Low-Cost Veterinary Services and Pet Travel
How you can evaluate your options and determine the best veterinarian for your pet's move.
We understand that pet care can be expensive. Annual vaccines, check-ups and the occasional veterinary emergency can really put a strain on your budget. Depending on your situation, you may consider bringing your pet to a discount veterinarian to save a little money. While this is a great way for many pet parents to cut costs, those planning to travel or move with their fur family in the near future may want to reconsider this option. Here’s why!
Where do I find low-cost veterinarians?
Low-cost or “pop-up” veterinarians are often located in pet stores or other retail establishments where pet parents are already frequenting. For a limited number of hours each week, often during peak shopping hours on the weekends or evenings, a licensed veterinarian can administer vaccines quickly, ensuring many deserving pets receive care. They offer an easy and convenient way, often at a highly reduced cost, for your four-legged friends to get their rabies and other important vaccines. After your pets are treated, you’ll receive a printed vaccine certificate stating the basic information with an electronic signature.
In most cases, this is great! Not only is your pet vaccinated and safe, but you can also prove to your doggy daycare and groomers that your pets are protected. What many pet owners don’t realize is that there can be certain setbacks with paperwork if you plan to move internationally with a pet. We’ve seen it happen and want to make sure you’re on the right track for a successful move.
Common problems with pet travel
It’s important to understand that veterinary work is a crucial part of a pet’s plan for international travel. You’ll need to ensure your pet is up to date on all vaccines required to enter their new home country. Then you, your veterinarian, and your PetRelocation relocation coordinator will make sure your paperwork is all completed correctly so we can apply for import permits, quarantine, health certificates, and whatever other provisions they may need to enter their new homeland legally.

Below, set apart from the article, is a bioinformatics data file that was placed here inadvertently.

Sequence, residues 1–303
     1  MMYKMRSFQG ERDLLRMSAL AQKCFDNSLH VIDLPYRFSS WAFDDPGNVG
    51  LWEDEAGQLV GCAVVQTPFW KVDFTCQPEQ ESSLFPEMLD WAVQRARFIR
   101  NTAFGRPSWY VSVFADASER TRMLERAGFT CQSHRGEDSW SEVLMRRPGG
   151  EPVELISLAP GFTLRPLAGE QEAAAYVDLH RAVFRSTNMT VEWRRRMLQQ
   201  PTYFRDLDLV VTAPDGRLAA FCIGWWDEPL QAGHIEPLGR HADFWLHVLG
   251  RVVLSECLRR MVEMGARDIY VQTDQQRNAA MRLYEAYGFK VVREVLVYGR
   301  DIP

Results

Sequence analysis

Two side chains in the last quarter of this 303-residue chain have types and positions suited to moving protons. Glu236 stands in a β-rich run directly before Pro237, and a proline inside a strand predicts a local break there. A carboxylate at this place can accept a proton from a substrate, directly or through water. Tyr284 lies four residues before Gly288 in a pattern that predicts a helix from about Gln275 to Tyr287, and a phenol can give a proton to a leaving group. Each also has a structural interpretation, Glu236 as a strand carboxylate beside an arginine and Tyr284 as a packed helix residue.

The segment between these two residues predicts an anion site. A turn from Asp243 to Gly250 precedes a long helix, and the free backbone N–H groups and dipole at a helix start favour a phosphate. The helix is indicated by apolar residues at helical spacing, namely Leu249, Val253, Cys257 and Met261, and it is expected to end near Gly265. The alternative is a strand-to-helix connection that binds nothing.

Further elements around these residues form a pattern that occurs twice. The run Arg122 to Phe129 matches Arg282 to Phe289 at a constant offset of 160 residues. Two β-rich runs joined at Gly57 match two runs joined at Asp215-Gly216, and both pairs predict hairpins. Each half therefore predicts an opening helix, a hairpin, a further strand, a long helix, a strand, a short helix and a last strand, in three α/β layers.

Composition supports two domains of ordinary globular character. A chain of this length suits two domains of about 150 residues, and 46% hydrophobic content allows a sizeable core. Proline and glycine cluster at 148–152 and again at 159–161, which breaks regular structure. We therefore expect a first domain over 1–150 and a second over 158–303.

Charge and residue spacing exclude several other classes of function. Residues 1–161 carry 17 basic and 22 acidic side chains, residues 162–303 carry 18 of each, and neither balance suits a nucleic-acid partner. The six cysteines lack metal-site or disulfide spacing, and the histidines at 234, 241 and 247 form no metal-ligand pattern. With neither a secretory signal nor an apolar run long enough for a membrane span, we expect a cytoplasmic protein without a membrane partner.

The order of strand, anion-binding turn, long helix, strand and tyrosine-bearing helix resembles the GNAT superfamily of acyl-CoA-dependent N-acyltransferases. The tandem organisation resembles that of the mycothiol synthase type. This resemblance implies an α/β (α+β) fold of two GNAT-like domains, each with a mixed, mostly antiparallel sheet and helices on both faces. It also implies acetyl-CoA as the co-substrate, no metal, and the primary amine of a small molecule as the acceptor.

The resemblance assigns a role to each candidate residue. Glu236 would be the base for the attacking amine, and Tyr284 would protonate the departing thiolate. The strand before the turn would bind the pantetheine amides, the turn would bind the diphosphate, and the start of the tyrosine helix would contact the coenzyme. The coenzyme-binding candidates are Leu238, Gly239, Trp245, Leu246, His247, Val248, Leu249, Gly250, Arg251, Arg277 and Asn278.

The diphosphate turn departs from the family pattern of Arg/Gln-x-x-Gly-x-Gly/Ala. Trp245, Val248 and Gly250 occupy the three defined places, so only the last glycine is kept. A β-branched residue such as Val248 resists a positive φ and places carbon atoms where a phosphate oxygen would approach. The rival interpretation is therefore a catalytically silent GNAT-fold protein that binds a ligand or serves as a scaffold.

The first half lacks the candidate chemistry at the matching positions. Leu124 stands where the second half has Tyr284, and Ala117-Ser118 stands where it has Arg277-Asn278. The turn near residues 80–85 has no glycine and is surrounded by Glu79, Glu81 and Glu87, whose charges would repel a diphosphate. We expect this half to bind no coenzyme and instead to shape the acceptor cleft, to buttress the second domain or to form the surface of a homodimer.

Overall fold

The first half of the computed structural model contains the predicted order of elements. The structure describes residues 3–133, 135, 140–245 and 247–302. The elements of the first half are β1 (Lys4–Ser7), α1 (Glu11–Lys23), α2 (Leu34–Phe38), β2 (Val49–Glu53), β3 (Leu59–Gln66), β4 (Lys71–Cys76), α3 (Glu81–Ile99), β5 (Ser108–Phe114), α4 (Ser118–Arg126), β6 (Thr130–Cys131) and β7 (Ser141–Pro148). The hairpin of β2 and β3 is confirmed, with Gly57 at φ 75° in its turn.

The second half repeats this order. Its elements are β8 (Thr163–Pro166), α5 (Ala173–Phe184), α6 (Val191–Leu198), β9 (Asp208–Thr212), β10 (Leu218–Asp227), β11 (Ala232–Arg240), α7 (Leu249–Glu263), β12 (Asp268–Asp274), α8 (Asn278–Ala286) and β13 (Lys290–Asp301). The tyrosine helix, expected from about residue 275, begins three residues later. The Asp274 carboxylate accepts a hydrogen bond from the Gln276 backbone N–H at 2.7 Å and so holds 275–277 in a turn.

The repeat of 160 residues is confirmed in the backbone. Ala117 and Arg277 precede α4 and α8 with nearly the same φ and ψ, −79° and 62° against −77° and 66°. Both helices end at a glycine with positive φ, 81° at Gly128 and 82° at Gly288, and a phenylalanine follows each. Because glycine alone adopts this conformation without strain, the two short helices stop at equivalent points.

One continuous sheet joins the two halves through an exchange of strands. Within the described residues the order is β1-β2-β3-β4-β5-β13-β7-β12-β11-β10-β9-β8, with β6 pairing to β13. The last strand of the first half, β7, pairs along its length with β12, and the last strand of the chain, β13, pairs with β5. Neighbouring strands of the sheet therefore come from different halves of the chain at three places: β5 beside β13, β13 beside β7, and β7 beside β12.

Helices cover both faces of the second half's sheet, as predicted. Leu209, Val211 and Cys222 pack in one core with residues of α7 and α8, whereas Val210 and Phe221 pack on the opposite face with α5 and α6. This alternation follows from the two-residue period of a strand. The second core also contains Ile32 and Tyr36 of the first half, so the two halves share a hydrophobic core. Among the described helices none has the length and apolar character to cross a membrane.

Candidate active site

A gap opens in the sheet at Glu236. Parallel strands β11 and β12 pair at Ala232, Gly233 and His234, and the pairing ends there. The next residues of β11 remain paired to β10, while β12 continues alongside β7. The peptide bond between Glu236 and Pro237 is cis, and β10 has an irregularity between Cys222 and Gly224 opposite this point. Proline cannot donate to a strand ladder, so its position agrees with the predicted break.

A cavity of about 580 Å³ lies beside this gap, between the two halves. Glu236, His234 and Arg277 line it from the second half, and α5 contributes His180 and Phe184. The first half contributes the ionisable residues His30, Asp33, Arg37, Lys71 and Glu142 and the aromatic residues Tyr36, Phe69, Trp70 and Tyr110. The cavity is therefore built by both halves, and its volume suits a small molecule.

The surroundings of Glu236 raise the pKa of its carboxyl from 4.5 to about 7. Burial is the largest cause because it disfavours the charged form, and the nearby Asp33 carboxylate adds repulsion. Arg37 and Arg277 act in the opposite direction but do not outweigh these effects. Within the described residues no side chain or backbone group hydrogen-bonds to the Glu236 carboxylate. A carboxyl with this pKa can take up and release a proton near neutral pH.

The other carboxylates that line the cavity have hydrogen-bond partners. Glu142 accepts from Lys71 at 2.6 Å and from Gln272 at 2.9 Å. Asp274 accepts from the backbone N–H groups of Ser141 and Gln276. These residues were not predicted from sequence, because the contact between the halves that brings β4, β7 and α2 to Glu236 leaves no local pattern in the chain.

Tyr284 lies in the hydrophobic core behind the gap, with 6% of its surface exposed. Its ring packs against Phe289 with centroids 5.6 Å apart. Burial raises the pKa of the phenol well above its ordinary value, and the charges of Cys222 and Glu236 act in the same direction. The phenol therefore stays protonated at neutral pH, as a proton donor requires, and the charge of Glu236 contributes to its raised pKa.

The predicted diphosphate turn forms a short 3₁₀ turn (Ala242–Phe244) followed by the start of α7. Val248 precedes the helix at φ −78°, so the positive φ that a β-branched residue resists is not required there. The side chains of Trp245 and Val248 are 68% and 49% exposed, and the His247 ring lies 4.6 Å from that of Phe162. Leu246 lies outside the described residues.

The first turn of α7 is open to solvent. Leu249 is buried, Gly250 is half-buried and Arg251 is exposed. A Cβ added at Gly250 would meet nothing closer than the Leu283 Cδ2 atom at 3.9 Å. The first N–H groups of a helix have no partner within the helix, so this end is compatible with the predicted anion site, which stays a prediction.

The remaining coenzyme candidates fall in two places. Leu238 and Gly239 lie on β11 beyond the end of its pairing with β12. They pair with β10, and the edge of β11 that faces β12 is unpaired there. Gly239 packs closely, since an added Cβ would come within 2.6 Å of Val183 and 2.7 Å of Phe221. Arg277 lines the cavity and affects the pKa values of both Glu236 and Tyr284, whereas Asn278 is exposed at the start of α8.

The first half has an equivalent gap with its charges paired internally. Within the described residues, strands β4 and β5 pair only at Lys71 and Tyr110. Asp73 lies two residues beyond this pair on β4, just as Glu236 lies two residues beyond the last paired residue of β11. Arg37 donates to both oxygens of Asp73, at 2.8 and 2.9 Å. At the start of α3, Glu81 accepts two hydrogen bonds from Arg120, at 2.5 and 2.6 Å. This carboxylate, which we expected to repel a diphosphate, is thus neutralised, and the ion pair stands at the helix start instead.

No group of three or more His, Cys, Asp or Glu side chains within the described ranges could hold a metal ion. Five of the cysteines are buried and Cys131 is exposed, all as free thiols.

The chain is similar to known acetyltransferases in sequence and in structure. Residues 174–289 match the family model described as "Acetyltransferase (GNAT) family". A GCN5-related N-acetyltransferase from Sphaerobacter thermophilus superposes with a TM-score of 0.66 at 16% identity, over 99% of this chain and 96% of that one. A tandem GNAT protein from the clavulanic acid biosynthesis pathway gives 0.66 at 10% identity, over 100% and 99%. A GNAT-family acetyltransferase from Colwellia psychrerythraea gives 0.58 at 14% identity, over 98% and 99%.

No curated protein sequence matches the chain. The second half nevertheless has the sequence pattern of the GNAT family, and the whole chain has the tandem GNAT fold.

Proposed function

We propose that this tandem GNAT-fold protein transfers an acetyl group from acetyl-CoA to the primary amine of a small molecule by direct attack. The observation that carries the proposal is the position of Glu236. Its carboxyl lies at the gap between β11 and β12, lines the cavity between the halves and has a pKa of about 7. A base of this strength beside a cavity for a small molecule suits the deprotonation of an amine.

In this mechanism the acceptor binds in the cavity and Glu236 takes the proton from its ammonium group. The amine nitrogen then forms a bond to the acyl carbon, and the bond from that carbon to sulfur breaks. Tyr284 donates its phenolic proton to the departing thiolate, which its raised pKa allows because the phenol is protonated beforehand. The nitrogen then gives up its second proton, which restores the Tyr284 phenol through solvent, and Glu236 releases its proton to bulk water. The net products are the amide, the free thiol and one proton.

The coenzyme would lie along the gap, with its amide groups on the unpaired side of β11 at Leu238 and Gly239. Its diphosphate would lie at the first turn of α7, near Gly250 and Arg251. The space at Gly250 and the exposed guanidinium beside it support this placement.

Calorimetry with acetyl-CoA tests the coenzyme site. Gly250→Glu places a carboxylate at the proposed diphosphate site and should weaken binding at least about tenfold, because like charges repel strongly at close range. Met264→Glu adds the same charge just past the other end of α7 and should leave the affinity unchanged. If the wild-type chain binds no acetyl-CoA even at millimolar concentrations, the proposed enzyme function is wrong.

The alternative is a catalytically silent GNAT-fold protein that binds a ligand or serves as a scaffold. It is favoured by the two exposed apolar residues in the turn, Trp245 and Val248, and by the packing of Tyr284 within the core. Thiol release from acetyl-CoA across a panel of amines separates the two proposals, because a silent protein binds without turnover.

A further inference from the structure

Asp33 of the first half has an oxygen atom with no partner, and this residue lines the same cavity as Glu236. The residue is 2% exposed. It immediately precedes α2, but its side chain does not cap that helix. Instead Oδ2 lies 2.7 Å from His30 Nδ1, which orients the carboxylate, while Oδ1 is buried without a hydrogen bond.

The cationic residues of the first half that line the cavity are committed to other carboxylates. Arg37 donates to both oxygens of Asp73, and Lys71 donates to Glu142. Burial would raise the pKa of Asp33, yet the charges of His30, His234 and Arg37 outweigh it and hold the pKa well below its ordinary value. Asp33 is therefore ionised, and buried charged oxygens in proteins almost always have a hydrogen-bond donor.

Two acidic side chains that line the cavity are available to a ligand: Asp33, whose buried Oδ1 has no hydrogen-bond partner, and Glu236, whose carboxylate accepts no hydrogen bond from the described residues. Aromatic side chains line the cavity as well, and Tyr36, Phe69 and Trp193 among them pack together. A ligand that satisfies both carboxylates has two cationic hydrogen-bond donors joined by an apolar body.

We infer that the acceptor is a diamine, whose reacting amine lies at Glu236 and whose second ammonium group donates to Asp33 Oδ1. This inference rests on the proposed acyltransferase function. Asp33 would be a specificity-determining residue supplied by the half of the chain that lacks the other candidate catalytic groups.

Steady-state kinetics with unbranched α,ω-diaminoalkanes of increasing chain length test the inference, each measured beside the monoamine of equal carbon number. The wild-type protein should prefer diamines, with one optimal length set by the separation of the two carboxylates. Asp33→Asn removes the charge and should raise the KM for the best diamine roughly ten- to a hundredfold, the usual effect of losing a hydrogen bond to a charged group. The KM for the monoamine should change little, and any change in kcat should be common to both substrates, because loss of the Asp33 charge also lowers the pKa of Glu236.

One thing that surprises many of the staff at some veterinary clinics is just how detailed these forms and requirements can be. Traditional vaccine certificates in the United States do not list the details required, sending the vet’s staff to do a little digging into their more detailed patient records. Once all the information is discovered, a licensed vet at the clinic will need to apply their ink signature to an updated vaccine certificate. For most relocation plans, this is the very first step, and if your pet most recently saw a discount or “pop-up” clinic, this is where problems often begin.
While the convenience of updating your pet’s vaccines on a weekend quickly will save you time on that day, the lack of sufficient paperwork issued can cause huge hurdles down the road.
Here are some questions you may want to ask yourself:
- Did the paperwork they issued include the vaccine manufacturer’s product type?
- Did it include the leptospirosis or distemper batch number? Chances are, they did not since these types of pop-up shops are meant for convenience in routine pet maintenance, not for complicated veterinary work.
- Tracking down this information is sometimes impossible since the vets there are only available for limited hours each week. Even then, it may not be the same veterinarian from week to week which will leave you with no way to get the ink signature on these documents that will be required.
What to do if you’ve already used a discount veterinarian
If you have already used one of these services and just found out you will need to travel, you may be able to use the records you already have, depending on where you are moving. Most of the time, the printed out certificate they provided you will have a customer service 1-800 phone number on it where you can reach their corporate office. Keep in mind, the staff of their call center are rarely veterinary professionals, but instead customer service representatives. The scope of their knowledge for what’s needed for a pet traveling internationally may be limited, but they may be able to advise when the vet you saw will be servicing your neighborhood again.
However, we advise that you consider starting the vaccine administrations over with a USDA accredited veterinarian who can see your pet through the entire process from their first vaccine to their final vet visit before travel. A dedicated veterinarian who keeps a detailed file for your pet may be the more expensive option, but if your paperwork doesn’t meet country-specific requirements, it could cause delays and extra expenses in the future. Having one dedicated veterinarian who can work with you and your relocation coordinator from beginning to end will help keep your move on track and give loving pet parents much needed peace of mind.
Moving pets internationally can be a lot of work. There are so many moving pieces and having an expert who is deeply familiar with the regulations of each destination on your side will go a long way for granting you peace of mind. If you’re ready to get started planning your move and don’t know where to start, let us know!